HCS gradute students, Yiyun Lin, Katie D'Amico, and Matthew Willman won at the CFAES Annual Research Conference Poster Competition on April 22, 2019.
1st place in Doctorate category
Flower longevity is an important characteristic of floriculture crops. When flowers senesce, ornamental plants lose their aesthetic and economic value. However, the regulatory mechanisms involved in flower petal senescence are complex and not well understood. Although nutrient mobilization is considered important in the regulation of flower petal senescence, there is a lack of genetic evidence to substantiate the roles of nutrient mobilization-related genes during this process. A recent transcriptomic study of Petunia × hybrida corollas identified nutrient mobilization-related autophagy and nuclease genes that are differentially regulated during petal senescence. We hypothesized that altering the expression level of nutrient mobilization-related genes will decrease flower longevity and affect other flower features. To test this hypothesis, individual genes were knocked down using virus-induced gene silencing (VIGS) in Petunia × hybrida ‘Picobella Blue’. Our results indicate that the knockdown of Petunia Endonuclease 1 (PhNUC1) resulted in delayed flowering and early senescence. For the autophagy genes tested, our results show that the knockdown of Autophagy Gene 8d (PhATG8d) induced delayed flowering time, the knockdown of Autophagy Gene 6 (PhATG6) resulted in early flower senescence and lower total flower dry weight, and knocking down Phosphoinositide 3-kinase (PhPI3K) gene caused reduced flower dry weight in petunia. The genes identified in this study will be further tested using stable genetic engineering and genome editing. The results of this project will be fundamental for future studies of flower petal senescence and will provide genetic information for future floriculture crop improvement.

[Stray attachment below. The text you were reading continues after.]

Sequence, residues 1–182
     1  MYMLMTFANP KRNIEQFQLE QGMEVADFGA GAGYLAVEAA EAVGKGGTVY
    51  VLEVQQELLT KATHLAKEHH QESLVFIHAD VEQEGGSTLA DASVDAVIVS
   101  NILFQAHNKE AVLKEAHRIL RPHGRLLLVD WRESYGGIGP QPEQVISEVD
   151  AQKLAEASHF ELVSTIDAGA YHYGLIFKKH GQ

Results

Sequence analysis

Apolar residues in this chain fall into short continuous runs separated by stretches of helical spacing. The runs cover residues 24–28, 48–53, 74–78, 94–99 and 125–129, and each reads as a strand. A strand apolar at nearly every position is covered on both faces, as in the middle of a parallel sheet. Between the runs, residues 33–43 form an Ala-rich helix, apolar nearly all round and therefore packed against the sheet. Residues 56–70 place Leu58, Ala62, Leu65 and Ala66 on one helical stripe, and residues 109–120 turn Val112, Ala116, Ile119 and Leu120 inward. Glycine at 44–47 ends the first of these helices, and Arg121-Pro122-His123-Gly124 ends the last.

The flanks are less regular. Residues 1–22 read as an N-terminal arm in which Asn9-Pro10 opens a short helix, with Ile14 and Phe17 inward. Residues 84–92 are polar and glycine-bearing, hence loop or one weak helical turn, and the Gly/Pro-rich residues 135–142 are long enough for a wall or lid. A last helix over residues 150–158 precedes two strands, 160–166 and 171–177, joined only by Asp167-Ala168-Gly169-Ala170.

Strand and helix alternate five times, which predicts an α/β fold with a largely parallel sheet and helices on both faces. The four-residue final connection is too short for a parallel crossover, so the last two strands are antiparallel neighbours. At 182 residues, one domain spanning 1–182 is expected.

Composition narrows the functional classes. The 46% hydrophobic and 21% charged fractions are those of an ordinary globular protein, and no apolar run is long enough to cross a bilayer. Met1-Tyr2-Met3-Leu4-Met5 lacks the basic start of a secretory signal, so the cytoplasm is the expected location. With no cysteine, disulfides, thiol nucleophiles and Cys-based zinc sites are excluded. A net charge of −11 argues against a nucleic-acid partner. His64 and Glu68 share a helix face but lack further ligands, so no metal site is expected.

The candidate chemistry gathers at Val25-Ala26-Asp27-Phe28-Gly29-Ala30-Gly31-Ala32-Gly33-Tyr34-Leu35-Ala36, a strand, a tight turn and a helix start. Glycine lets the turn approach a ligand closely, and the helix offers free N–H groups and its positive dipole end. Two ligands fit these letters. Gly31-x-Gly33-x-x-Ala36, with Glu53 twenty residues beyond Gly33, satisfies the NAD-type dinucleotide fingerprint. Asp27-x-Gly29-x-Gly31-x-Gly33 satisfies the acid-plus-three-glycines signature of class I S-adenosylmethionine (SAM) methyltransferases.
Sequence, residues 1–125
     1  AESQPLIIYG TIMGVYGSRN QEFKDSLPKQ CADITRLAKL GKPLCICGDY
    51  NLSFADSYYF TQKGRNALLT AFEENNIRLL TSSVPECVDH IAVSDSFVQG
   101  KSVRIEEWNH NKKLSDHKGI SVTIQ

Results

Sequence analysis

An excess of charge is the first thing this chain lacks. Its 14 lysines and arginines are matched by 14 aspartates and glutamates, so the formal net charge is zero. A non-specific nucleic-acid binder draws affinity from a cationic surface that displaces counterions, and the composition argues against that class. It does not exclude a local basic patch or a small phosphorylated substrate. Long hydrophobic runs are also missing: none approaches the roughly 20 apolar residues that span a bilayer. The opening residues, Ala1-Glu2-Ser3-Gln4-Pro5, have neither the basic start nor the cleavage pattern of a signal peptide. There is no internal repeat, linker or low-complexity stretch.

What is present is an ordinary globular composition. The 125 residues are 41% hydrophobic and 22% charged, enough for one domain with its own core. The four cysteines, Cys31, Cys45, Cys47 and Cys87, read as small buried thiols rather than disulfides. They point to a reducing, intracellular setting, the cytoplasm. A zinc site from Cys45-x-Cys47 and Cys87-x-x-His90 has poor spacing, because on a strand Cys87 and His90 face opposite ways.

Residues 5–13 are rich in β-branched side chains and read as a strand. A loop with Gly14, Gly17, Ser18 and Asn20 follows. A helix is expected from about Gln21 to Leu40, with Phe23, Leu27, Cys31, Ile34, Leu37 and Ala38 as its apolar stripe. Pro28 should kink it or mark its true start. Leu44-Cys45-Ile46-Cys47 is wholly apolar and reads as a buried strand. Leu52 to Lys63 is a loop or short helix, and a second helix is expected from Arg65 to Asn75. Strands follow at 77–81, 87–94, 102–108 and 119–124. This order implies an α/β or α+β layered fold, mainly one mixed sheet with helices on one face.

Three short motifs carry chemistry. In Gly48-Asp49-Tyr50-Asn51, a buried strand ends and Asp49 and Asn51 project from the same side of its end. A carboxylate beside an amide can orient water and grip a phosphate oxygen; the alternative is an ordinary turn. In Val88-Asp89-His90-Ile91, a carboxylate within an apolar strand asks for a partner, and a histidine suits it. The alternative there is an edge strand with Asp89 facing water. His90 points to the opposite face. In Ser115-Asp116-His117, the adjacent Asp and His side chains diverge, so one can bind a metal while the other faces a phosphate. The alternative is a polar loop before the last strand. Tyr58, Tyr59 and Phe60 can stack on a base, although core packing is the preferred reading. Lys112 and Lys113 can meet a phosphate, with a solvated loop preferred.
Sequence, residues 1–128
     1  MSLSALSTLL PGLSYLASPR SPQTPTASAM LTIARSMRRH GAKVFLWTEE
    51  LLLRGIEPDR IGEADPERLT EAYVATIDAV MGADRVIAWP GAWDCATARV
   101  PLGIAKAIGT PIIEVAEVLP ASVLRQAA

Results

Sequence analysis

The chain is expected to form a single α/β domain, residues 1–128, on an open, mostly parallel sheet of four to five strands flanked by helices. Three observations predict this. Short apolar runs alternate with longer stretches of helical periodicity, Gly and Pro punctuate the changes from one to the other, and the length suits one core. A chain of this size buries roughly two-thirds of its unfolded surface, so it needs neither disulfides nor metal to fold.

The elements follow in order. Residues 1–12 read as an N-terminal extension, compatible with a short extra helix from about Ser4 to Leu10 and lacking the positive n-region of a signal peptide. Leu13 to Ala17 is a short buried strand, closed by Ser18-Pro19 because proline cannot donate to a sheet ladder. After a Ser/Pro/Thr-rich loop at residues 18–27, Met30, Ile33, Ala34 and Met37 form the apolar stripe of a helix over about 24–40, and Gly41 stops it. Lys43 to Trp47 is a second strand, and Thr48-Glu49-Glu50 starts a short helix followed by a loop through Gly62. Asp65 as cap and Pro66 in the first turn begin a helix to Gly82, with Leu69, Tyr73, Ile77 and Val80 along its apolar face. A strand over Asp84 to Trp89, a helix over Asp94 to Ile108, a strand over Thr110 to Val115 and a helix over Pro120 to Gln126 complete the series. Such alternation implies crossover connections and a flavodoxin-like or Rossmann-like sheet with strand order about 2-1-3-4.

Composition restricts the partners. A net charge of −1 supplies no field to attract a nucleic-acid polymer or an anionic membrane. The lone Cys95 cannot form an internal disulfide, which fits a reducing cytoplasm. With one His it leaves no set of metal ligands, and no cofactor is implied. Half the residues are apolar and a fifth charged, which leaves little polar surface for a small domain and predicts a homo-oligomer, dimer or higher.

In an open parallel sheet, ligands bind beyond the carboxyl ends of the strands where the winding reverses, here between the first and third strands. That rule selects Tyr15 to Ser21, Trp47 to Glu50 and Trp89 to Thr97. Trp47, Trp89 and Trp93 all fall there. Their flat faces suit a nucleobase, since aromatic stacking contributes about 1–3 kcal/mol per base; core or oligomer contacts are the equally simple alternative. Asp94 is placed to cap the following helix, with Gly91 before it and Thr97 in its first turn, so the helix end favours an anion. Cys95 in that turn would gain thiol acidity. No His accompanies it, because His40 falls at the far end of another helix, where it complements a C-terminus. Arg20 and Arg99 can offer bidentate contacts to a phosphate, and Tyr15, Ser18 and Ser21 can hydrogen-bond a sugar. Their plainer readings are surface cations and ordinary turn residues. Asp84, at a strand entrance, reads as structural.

2nd place in the Doctorate categroy.
The research presented in my CFAES conference poster is part of a larger project examining the genetic mechanisms underlying non-infectious bud-failure exhibition in almond. Almond is a valuable U.S. nut crop and incidence of bud-failure negatively impacts yield, affecting both growers and consumers. The goal of our project is to identify predictive biomarkers that can be used by almond producers to screen almond germplasm for bud-failure potential. My poster highlights an experiment profiling two sets of identical twin almond trees where one twin in each set exhibits bud-failure while the other twin remains bud-failure free. We are specifically interested in identifying differences in DNA methylation, a specific type of epigenetic alteration that is hypothesized to play a role in bud-failure exhibition. After generating the DNA methylation profiles for each twin, I compared those profiles to identify regions of differential methylation between twins with bud-failure and those that are bud-failure free. Based on this work, I was able to locate several regions of differential methylation that contain or are near-to genes of interest. These genes may contribute to bud-failure exhibition, and the DNA methylation profiles could potentially be used as predictive biomarkers of bud-failure exhibition.
3rd place in the Masters category.
Genetic mapping of pomological traits is limited for black raspberry (BR) and small fruit crops in general. In this study, data produced from a multiple-environment trial of two BR mapping populations were used to estimate quantitative trait loci and define genotype-by-environment interactions for BR fruit quality traits. Findings are expected to guide further genetic characterization of fruit quality, management of breeding germplasm, and development of improved BR cultivars for U.S. production.